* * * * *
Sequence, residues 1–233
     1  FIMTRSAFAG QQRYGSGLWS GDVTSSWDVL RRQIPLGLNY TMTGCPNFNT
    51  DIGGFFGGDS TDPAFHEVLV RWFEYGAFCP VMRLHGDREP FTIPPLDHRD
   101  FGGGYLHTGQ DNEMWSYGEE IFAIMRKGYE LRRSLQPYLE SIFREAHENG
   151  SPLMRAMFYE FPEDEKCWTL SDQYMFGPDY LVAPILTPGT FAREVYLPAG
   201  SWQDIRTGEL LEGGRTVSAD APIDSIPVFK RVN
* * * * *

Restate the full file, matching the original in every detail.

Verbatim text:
Sequence, residues 1–233
     1  FIMTRSAFAG QQRYGSGLWS GDVTSSWDVL RRQIPLGLNY TMTGCPNFNT
    51  DIGGFFGGDS TDPAFHEVLV RWFEYGAFCP VMRLHGDREP FTIPPLDHRD
   101  FGGGYLHTGQ DNEMWSYGEE IFAIMRKGYE LRRSLQPYLE SIFREAHENG
   151  SPLMRAMFYE FPEDEKCWTL SDQYMFGPDY LVAPILTPGT FAREVYLPAG
   201  SWQDIRTGEL LEGGRTVSAD APIDSIPVFK RVN